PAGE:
At 2 a.m. one day in early February, the deputy director of the main hospital in the town of Dax, in southwestern France, took an urgent call from a normally unruffled colleague in the IT department.
“He’s generally very calm, but I could tell in his voice that there was something very unusual,” Aline Gilet-Caubere told AFP from her office.
The technician reported that staff working overnight were suddenly unable to use their computers, which displayed a ransom note stating that the hospital’s systems had been hacked and encrypted.
The attackers made a classic request: They would provide a key to reverse the damage when paying in Bitcoin, and they provided email addresses to organize the transfer.
“We imagined that we were a sanctuary as a hospital, with our role, that no one would dare (target us),” Gilet-Caubere said. “But not at all, actually. It’s part of the psychological shock. ”
Unwilling and unable to pay, hospital directors had no choice but to order a return to the pre-Internet, pre-computer age.
Amid the COVID-19 pandemic, paper records have reappeared. The doctors picked up pencils and jotted down notes.
A manual system using stickers and flowcharts kept track of patients as they moved.
There was no phone system or email.
Payroll and vendor data has been lost. All of the approximately 110 to 120 different software platforms operated in the hospital were down.
And more than three months later, after weeks of chaos and frustration for doctors, as well as months of work by cybercrime technicians, the hospital is still not back to normal.
“We can’t say when it’s all over. We keep finding problems, ”said Gilet-Caubere.
‘Crisis within a crisis’
But the 2,200 staff at Dax hospital weren’t the only ones struggling with a public health emergency over the past 18 months and the worst technology failures of their careers.
Elsewhere in France, at least half a dozen other public hospitals have seen their operations severely disrupted after being targeted by ransomware hackers since the start of the COVID epidemic in Europe in early 2020.
Cyrille Politi, chief technology advisor at the Fédération hospitalière de France, has no doubts that hackers have stepped up the attacks and crossed a moral line that has made public hospitals virtually banned.
“It’s a real paradigm shift,” he told AFP.
According to France’s Digital Affairs Minister Cedric O, 27 hospitals suffered some form of cyberattack last year, including ransomware, while there was one per week on average in the first two months of the year. year.
In February, as the alarm grew over the vulnerability of the health system, President Emmanuel Macron asked to be informed personally by staff at Dax and Villefranche-sur-Saône.
He announced an additional billion euros for cybersecurity in the health sector, calling the wave of attacks at the height of the pandemic a “crisis within a crisis”.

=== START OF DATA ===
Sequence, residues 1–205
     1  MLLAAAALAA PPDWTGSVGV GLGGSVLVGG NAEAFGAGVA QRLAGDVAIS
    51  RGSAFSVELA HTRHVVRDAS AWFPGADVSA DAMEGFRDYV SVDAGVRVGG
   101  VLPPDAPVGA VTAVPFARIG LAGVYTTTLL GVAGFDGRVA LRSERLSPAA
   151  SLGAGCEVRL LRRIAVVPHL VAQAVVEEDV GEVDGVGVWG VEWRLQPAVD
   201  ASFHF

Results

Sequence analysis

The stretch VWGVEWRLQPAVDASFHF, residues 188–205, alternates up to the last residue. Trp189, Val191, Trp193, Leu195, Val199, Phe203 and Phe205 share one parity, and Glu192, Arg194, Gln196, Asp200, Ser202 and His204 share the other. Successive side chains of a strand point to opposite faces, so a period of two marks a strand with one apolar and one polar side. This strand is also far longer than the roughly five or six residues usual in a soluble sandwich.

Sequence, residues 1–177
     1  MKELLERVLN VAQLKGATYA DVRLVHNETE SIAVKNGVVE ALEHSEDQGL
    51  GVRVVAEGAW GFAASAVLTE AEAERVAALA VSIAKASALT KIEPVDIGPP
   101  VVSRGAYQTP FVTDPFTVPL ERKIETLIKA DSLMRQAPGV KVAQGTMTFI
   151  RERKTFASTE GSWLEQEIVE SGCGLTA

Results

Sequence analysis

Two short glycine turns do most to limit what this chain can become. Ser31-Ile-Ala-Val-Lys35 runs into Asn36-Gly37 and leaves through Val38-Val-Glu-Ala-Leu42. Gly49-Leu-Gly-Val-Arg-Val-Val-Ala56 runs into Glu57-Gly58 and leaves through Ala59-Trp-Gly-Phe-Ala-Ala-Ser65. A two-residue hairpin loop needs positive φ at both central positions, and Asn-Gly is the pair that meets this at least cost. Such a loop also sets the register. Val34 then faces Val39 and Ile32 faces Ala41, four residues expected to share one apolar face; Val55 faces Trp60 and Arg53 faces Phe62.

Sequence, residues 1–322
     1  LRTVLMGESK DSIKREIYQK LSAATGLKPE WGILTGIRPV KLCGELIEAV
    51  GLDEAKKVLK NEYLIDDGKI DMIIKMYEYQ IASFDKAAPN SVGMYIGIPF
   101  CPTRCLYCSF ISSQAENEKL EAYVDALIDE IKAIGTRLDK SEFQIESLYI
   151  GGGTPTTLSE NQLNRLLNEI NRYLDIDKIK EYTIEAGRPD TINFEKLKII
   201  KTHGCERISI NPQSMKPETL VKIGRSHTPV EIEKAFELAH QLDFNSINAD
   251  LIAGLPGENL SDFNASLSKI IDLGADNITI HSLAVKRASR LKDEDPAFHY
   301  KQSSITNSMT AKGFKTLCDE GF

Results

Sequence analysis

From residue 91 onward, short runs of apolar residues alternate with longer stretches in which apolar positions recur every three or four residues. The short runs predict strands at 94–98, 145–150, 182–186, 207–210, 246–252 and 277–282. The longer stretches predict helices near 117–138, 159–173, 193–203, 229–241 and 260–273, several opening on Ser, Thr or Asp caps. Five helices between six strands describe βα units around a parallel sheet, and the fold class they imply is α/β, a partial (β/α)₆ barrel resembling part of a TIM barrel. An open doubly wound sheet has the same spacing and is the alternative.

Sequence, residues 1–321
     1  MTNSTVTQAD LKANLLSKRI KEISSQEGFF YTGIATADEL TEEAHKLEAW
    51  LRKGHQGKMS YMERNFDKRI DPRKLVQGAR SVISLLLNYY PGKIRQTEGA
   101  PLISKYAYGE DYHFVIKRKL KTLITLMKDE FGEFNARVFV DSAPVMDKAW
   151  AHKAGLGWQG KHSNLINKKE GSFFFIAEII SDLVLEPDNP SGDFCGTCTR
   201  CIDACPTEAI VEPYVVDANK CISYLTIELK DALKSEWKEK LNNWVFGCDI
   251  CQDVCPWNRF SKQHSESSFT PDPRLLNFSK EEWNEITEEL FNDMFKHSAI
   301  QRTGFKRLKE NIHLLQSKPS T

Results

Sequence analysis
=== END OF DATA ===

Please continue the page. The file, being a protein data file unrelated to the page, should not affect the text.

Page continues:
Although rare in France, attacks on hospitals have been a regular feature of global cybercrime for years, especially in the United States.
“What these actors (hackers) are looking for at all levels are targets that have an operational imperative,” said Adam Meyers of the US cybersecurity firm CrowdStrike.
“They target things like healthcare because healthcare is one of the unfortunate areas where it’s not a financial decision, it’s a life and death decision. “
And in the United States, too, the pandemic has been seen as a business opportunity by some hackers.
After dozens of attacks in late 2020, the FBI and US authorities have warned of “credible reports of an increased and imminent cybercrime threat” to hospitals and healthcare providers.
The bad news for hospitals and other potential targets is that ransomware attacks are becoming more sophisticated and numerous.
Everything from information about computer vulnerabilities of individual organizations to hacking and encryption technologies is for sale online in closed criminal forums.
Gangs with names like Evil Corp or DarkSide operate beyond the reach of Western law enforcement in Russia or the former Soviet republics, according to cybersecurity firms.
The attack on Dax hospital used a well-known malware called Ryak, and IT director Gilbert Martin said the hackers had left “Russian traces”.
But with low risks, high rewards, and almost limitless potential targets, ransomware piracy is growing exponentially globally.
Victims made payments estimated at $ 350 million in cryptocurrencies in 2020, a 311% increase from 2019, according to specialist analytics firm Chainalysis.
Earlier this month, DarkSide created fuel shortages in the United States and extracted more than $ 4 million from Colonial Pipeline, a company transporting gasoline and diesel from the US Gulf Coast to the northeast. .
“Those who ply their trade in this multi-billion dollar industry operate with near total impunity,” Brett Callow of cybercrime firm Emsisoft told AFP.
For radiologist Nicolas Pontier from Dax hospital, the experience of not being able to treat his cancer patients was a red flag which, he hopes, will be heard by others.
“I never imagined that I would have to stop for two months,” he said. “I thought in a week or two that would be fixed. We still do not have a fully functional system. ”
© 2021 AFP
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